I had to change flights in Ekatrinburg from Chita, Siberia on my way back into Moscow. We simply had to deplane for one hour and then get back on the same plane. Simple, right?
What should have been an easy process became a nightmare. After about 30 minutes on the ground, the flight was cancelled. How does a flight get canceled at the layover point was the first question, followed by, now what?
My translator wasn’t there and as luck would have it the WiFi in the airport wasn’t working so my translation apps I had used so many times to get by in Russia were a bust. And there didn’t seem to be anyone who could (or would) speak English to help me figure it out.
Luckily I had been stalking a few passengers on the initial flight to make sure I got back onto the plane when it was time. (My Russian is a joke so I couldn’t understand the announcements. I opted to memorize the faces, and outfits of several passengers whom I knew were going to Moscow.)
There was one helpful passenger who had been on my initial flight who figured out I was following him around. He made sure I followed him out of the terminal, to the customer service area, back into the terminal, to baggage claim and then back to the ticket desk. He clearly didn’t speak English but his help ensured I at least got into the correct lines.
Essentially I had to go to baggage claim, get my bag, figure out how to exchange my cancelled tickets for new ones, go back through security all over again, check my bag (all bags over a certain weight had to be checked) and get back on a flight with a pack full of Russians who are “experts” at pushing and shoving past anyone to get through lines (truly a skill in this country).
I sat on the plane, praying I was on the correct flight. Thankfully I made it to Moscow.
Three things you can’t travel without?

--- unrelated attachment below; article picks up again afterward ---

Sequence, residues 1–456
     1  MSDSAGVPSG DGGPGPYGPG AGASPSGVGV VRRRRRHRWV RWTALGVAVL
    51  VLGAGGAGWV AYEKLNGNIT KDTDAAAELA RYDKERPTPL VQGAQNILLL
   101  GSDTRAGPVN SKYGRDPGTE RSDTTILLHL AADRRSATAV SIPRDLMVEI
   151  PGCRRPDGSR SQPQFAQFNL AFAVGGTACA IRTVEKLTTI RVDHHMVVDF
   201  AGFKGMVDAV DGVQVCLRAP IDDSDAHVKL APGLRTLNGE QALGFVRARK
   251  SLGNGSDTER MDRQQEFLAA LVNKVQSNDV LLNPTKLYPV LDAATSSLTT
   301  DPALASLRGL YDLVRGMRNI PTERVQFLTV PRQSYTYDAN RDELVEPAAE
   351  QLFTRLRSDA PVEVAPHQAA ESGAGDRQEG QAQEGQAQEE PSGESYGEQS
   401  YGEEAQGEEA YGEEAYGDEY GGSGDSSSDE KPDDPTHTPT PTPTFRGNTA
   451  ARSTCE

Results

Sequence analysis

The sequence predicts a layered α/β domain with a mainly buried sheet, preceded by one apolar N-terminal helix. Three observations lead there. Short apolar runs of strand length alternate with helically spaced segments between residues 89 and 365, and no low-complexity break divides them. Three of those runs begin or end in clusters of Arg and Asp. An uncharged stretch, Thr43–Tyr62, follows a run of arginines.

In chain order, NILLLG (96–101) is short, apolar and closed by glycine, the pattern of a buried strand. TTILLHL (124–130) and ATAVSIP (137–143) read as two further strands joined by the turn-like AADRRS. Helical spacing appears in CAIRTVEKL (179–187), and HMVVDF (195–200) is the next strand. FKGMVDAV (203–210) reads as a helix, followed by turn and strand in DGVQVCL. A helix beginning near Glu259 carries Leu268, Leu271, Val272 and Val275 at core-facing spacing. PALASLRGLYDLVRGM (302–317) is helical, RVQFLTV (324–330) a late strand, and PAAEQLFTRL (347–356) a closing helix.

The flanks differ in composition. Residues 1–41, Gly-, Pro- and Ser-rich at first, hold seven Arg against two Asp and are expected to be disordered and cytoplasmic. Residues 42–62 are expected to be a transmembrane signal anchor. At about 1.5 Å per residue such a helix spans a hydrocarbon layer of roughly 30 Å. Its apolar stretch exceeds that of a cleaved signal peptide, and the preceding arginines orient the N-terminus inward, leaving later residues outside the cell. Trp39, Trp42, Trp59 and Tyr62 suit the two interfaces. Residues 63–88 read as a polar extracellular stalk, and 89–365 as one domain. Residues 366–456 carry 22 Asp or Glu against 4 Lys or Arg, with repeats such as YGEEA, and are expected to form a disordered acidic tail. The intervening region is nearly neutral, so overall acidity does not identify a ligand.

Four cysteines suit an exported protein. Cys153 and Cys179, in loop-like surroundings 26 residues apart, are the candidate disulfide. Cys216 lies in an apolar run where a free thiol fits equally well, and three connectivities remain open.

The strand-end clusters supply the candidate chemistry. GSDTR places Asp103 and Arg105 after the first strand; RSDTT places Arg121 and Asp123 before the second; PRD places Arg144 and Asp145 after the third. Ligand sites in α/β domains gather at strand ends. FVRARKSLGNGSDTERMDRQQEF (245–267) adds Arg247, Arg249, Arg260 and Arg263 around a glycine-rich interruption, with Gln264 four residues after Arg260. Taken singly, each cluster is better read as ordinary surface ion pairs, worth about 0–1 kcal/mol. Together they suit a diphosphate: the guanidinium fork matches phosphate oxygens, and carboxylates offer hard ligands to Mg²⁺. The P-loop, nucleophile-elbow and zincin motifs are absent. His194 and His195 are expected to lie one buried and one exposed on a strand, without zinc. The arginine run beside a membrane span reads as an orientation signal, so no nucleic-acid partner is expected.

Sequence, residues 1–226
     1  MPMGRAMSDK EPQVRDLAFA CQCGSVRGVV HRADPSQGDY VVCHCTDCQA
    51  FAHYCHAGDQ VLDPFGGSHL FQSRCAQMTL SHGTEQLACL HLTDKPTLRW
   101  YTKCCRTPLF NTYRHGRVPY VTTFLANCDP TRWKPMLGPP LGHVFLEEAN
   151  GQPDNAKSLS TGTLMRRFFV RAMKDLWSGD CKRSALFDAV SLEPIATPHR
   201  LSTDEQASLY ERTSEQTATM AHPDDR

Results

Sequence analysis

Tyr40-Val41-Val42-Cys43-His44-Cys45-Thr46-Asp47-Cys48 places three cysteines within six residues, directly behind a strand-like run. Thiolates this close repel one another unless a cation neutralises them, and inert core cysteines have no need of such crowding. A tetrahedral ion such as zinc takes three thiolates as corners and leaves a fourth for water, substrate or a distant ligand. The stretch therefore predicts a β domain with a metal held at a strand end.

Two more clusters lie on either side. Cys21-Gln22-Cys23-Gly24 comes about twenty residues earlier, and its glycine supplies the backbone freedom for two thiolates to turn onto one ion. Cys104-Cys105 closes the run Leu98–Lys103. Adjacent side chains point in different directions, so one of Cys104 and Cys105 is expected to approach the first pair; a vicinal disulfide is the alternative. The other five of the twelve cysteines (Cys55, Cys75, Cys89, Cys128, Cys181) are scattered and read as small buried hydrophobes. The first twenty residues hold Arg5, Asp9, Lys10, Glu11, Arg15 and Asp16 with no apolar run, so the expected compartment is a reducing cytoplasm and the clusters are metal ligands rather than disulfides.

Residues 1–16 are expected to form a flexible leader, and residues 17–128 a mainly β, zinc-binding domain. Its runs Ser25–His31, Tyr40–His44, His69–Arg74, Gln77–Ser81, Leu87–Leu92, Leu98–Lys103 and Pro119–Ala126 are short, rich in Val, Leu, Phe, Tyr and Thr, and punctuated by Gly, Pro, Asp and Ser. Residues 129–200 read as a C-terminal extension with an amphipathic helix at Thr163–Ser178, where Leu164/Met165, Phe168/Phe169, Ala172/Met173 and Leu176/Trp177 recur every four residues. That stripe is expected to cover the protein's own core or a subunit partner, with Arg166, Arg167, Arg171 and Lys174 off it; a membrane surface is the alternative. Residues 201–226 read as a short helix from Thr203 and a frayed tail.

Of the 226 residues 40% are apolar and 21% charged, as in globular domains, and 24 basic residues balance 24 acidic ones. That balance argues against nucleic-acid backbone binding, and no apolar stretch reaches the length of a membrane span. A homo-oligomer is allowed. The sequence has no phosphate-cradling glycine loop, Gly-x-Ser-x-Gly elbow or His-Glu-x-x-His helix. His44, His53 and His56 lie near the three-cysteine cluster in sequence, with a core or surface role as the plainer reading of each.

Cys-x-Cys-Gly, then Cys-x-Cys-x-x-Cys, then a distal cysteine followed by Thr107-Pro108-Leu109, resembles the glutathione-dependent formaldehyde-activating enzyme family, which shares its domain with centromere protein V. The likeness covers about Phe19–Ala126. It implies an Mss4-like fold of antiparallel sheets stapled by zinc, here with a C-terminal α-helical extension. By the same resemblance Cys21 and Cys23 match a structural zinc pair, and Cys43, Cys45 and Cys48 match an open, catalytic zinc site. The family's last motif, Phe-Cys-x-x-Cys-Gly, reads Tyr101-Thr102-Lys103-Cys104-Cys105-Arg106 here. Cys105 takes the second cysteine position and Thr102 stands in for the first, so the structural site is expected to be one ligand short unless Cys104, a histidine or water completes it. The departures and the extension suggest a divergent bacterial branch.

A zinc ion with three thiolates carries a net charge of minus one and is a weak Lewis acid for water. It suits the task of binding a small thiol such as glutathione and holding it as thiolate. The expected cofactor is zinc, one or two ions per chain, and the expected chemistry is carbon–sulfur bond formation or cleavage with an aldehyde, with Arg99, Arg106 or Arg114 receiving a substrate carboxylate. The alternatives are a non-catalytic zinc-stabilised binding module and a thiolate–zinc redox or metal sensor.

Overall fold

1. My iPhone. It’s my camera. My reading material. My way to stay connected. My translator. It’s my trusted travel companion.
2. My old metal cigarette case now wallet that holds my ID, American Express and Visa.
3. My Chaco’s flip-flops. They went with me to Siberia in the dead of winter. And yes, I did wear them (inside of course).
Which destinations are at the top of your bucket list?
1. Egypt. I’ve always wanted to see the pyramids.
3. Visit Glacier National Park before it melts
4. Walk the Great Wall of China (ok, maybe not the whole thing)
5. See the Aurora Borealis (Northern Lights). There isn’t really a specific destination I MUST visit to see the lights since the lights are my destination. But I’ve been told Finland, Sweden, Iceland and Alaska are great places to see them.
Most practical piece of travel advice?
Don’t wait. Don’t make excuses. Make it happen. Just do it.
Why should people travel?
I truly believe the more people who travel, the better the world would be.
I was reminded of this on our last trip to San Juan, Puerto Rico we had plans to spend a day at the beach with some good friends who live there. A few hours before we met up we learned their two children spoke very little English. Ours speak even less Spanish.
Within five minutes of reaching the beach house the kids were in the backyard playing chase. Squirting one another with water guns. Hunting for crabs. Pulling each another on the water toys and jumping in the waves. Language didn’t matter. The color of their skin was not important.
The fact they couldn’t speak to each other, but only laugh, run around and splash was all that mattered. Having fun was the only requirement. It was truly the only thing they needed to find the joy in being with each another.
Kids have this innocence, openness and tolerance for people, places and cultures that are different than theirs.
It was a simple and powerful reminder that living life with fewer filters would create a better world. Essentially, the more people who travel, the more they understand and experience different cultures, the better the world would be.
To create a better world, one where we have fewer filters and more tolerance for people and their cultures, we have to know they exist and experience them outside of textbooks, magazines and dare I say it, travel blogs. It’s a colorful world out there. Go see it. Go make it a better place for all of us to live in.